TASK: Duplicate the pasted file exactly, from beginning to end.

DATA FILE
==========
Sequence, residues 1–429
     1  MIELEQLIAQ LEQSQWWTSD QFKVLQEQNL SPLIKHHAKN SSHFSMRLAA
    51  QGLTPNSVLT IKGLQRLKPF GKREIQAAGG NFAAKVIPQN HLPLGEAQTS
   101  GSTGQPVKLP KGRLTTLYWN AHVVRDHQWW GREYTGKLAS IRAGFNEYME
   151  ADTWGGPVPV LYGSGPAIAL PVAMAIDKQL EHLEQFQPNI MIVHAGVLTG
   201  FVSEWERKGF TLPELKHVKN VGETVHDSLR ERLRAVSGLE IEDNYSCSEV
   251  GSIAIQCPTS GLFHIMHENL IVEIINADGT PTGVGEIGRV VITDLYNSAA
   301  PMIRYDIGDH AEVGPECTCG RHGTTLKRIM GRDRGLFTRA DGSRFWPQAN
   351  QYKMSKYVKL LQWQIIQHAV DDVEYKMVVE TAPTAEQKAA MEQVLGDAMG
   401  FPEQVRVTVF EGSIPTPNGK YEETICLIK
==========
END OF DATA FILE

Sequence, residues 1–429
     1  MIELEQLIAQ LEQSQWWTSD QFKVLQEQNL SPLIKHHAKN SSHFSMRLAA
    51  QGLTPNSVLT IKGLQRLKPF GKREIQAAGG NFAAKVIPQN HLPLGEAQTS
   101  GSTGQPVKLP KGRLTTLYWN AHVVRDHQWW GREYTGKLAS IRAGFNEYME
   151  ADTWGGPVPV LYGSGPAIAL PVAMAIDKQL EHLEQFQPNI MIVHAGVLTG
   201  FVSEWERKGF TLPELKHVKN VGETVHDSLR ERLRAVSGLE IEDNYSCSEV
   251  GSIAIQCPTS GLFHIMHENL IVEIINADGT PTGVGEIGRV VITDLYNSAA
   301  PMIRYDIGDH AEVGPECTCG RHGTTLKRIM GRDRGLFTRA DGSRFWPQAN
   351  QYKMSKYVKL LQWQIIQHAV DDVEYKMVVE TAPTAEQKAA MEQVLGDAMG
   401  FPEQVRVTVF EGSIPTPNGK YEETICLIK